In light of this, here are some of the most commonly missed best practices for refrigerated vaccine storage and handling:
1. Selecting a Thermometer
Make sure youre using a thermometer that will accurately measure the temperature of the vaccine, not the ambient air. For this reason, food thermometers arent recommended plus, they fluctuate rapidly when the door is opened. The probe of the thermometer should be suspended in glycol.
The thermometer should have a Certificate of Traceability, and you should have documentation that it has been calibrated. Also, remember that calibration doesnt last forever, so be sure to send your thermometer off to be recalibrated before the due date, which is often put on a tag attached to it.2-3
2. Selecting a Refrigerator
3. Stabilizing the Temperature
4. Appropriate Labeling
Recommended Reading: How Old Is The Flu Shot
Thermostabilization Of Laiv Using Pbv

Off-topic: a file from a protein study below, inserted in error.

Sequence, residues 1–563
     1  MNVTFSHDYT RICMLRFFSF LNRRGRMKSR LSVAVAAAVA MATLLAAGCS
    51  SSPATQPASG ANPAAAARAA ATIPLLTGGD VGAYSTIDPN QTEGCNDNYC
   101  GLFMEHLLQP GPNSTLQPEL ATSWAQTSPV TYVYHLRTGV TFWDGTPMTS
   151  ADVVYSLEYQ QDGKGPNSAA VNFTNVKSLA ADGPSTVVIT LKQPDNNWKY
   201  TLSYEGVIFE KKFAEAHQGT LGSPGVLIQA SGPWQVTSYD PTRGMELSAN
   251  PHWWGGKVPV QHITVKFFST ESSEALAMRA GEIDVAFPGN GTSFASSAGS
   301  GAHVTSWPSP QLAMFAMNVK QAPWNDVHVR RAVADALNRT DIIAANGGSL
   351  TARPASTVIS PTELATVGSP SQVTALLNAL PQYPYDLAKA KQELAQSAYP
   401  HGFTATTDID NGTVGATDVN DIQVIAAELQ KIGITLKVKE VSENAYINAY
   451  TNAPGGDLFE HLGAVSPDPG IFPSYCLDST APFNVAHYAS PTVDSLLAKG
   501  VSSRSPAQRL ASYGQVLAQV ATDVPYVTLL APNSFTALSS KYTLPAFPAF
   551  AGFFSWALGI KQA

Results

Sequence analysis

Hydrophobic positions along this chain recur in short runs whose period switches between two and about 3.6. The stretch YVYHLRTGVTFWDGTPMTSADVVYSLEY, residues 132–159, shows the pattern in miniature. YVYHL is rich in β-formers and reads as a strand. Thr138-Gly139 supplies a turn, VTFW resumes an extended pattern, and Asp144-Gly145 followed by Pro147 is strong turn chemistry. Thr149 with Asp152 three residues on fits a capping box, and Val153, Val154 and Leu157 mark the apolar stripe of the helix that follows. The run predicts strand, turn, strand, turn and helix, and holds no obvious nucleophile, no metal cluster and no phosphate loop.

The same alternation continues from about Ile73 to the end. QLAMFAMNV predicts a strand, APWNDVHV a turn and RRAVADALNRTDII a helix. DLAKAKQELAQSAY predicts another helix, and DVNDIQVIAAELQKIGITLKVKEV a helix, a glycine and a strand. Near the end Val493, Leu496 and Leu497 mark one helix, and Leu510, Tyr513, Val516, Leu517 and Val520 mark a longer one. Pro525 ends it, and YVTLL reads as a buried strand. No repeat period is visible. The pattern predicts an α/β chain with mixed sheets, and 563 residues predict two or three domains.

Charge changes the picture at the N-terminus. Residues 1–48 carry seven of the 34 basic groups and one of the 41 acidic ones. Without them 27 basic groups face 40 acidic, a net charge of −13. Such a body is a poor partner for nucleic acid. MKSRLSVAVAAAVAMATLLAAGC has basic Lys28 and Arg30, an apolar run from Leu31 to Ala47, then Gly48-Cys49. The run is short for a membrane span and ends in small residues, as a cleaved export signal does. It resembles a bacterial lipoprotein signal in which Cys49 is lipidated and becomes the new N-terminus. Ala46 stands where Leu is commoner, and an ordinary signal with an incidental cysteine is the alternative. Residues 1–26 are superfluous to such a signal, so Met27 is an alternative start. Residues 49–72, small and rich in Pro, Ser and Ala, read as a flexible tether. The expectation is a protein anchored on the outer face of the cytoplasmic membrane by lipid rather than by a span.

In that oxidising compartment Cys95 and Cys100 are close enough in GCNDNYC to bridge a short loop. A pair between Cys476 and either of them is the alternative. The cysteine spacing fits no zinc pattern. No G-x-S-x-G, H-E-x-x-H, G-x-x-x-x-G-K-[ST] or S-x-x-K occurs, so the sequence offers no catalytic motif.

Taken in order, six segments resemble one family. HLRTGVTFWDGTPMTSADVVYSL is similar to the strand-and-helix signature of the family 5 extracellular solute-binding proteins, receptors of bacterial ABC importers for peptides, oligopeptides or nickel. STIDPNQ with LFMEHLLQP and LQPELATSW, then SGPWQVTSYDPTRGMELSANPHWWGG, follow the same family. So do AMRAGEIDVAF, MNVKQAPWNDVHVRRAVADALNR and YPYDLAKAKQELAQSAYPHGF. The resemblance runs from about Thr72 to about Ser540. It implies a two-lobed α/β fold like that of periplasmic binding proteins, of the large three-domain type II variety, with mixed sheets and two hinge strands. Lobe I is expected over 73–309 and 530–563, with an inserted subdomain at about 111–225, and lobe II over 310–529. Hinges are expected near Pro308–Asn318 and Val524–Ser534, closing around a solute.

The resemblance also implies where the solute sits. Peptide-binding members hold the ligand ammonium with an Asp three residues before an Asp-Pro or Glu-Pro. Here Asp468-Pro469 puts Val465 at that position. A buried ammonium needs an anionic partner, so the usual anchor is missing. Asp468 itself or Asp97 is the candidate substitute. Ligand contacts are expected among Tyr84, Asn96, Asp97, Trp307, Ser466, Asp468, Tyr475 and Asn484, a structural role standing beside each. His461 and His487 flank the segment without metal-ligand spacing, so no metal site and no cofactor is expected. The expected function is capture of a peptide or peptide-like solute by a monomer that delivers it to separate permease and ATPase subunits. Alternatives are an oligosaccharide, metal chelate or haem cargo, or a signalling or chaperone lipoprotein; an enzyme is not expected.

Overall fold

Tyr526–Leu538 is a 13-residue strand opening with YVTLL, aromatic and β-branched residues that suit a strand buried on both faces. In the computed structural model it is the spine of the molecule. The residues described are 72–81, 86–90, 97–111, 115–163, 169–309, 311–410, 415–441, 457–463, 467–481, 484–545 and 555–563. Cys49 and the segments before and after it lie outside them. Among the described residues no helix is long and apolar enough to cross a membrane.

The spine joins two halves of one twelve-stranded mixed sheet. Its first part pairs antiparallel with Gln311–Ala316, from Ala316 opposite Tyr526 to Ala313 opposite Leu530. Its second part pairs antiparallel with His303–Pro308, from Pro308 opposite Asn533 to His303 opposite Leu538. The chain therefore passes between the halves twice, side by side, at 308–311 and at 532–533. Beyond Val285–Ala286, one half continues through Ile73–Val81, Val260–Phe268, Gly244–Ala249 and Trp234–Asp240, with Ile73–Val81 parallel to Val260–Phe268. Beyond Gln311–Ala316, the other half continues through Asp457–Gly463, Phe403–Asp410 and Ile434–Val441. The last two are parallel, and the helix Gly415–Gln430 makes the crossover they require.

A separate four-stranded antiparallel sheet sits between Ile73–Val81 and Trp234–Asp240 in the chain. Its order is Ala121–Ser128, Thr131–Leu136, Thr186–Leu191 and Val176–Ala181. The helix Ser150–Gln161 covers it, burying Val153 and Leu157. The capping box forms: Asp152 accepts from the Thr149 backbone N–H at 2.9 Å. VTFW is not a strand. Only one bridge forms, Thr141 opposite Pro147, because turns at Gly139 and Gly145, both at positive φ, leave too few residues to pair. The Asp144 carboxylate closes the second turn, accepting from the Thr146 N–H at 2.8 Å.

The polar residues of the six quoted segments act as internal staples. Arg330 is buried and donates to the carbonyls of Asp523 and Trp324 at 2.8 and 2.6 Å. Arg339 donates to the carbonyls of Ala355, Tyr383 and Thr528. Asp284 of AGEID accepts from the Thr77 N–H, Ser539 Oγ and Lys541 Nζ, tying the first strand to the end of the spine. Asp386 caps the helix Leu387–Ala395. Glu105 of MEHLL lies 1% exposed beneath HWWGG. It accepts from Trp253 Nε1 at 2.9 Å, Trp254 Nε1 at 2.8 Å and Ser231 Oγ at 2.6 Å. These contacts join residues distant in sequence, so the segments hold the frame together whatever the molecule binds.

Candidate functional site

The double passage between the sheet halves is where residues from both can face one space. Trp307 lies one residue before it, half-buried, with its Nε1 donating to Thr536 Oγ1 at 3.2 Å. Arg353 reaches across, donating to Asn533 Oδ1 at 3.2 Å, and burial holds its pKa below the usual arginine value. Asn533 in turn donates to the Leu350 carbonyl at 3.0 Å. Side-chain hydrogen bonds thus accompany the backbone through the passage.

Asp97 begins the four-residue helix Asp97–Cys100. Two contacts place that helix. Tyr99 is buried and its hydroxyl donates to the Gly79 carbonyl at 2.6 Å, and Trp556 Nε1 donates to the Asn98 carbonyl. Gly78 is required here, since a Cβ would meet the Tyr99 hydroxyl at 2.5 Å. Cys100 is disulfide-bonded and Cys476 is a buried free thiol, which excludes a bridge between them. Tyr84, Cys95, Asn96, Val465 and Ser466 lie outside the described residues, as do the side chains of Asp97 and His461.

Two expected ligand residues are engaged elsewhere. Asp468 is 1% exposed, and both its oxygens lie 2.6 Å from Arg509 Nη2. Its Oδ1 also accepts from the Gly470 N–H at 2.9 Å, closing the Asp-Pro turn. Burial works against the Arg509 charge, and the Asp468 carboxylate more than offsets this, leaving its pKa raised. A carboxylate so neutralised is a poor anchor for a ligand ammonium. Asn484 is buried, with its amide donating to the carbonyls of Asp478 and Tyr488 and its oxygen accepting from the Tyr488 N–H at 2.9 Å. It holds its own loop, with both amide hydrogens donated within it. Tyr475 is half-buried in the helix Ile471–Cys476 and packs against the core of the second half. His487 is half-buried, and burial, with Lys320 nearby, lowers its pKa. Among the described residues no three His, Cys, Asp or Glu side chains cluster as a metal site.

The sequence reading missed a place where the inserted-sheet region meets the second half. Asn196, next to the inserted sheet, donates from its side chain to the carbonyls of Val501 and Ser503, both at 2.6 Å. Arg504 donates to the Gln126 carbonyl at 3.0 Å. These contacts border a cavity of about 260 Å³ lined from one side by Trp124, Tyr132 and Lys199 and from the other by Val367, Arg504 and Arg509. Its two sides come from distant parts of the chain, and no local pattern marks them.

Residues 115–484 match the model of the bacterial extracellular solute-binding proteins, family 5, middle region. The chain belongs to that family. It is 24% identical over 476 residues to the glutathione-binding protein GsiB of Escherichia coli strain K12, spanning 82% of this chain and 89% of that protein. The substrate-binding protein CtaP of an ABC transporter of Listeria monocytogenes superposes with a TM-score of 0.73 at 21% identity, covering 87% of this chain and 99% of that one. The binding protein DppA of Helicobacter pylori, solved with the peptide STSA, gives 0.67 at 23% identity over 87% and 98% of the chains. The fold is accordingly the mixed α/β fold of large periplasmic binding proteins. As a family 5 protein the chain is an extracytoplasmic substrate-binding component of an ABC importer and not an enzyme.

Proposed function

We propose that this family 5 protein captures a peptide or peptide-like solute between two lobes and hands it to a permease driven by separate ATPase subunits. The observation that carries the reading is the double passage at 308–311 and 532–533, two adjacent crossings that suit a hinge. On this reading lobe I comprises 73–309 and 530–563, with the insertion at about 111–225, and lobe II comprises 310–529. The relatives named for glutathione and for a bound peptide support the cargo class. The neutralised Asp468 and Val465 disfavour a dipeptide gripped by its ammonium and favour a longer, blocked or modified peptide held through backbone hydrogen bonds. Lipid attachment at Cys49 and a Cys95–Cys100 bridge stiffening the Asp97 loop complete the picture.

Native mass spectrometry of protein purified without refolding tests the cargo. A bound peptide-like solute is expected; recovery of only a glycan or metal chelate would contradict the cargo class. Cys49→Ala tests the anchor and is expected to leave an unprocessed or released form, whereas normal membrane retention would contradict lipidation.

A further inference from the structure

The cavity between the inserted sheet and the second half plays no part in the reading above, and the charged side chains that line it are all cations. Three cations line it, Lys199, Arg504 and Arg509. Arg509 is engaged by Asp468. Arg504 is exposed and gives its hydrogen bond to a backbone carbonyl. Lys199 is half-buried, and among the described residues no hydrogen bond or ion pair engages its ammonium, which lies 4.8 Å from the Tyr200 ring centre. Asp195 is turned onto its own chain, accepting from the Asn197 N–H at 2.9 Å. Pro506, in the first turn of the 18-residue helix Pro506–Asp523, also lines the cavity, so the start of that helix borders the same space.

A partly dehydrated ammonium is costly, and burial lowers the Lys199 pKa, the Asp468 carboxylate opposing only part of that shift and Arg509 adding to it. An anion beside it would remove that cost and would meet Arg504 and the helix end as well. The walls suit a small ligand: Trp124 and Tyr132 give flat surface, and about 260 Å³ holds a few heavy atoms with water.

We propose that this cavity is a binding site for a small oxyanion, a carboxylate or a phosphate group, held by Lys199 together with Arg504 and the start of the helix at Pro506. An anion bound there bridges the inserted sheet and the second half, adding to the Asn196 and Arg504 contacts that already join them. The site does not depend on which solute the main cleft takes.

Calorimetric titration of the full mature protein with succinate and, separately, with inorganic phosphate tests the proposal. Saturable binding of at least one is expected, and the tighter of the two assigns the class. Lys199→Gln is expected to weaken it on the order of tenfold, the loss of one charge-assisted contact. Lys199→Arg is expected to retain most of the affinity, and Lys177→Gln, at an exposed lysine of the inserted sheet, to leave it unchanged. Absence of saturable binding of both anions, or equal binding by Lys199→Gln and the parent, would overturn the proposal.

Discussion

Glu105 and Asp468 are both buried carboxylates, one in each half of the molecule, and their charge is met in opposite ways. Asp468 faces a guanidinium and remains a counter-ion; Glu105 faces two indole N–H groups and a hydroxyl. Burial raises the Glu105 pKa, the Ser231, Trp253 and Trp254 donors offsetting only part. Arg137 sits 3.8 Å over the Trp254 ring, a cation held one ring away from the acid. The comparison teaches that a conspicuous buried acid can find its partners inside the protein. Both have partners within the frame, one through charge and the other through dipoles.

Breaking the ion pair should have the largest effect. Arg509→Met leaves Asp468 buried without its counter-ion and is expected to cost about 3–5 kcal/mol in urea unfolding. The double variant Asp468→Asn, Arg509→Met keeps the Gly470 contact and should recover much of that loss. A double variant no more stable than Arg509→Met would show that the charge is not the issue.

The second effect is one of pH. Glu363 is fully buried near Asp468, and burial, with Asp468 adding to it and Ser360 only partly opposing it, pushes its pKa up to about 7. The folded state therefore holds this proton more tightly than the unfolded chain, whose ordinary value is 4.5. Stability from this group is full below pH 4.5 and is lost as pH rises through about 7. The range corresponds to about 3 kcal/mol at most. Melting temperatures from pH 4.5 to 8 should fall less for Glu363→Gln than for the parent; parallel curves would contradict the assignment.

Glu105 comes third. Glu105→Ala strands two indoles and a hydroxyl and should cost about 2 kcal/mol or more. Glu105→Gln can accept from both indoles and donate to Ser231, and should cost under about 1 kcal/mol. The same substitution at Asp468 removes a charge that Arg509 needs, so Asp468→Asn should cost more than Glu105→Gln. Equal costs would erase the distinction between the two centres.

Liquid LAIV was stabilized by PBV, a foam-drying process that simultaneously sublimes, boils, and evaporates liquid samples at 10°C and 3Torr28,53, to efficiently remove liquid and create a thermostable biologic. Liquid LAIV was combined 1:1 with a protective carbohydrate solution and underwent primary drying by boiling under vacuum at near-subzero temperatures, prior to secondary stability drying at elevated temperatures. The secondary stability drying phase of LAIV included 24h at 45°C to achieve glass transition phase the glass state was achieved by rapidly cooling the dried LAIV formulation below 37°C. In the glass state, molecular mobility is essentially arrested29, preventing degradation of immobilized LAIV during storage and conferring long-term stability. The dry-powder T-LAIV was micronized, then sieved to 2060µM mesh size, and portions were aliquoted for stability testing. Finally, dry-powder T-LAIV was mixed with sieved Lactohale lactose carrier at a dose of 1×107EID50 and aliquoted into blister packs with or without dried Advax adjuvant73.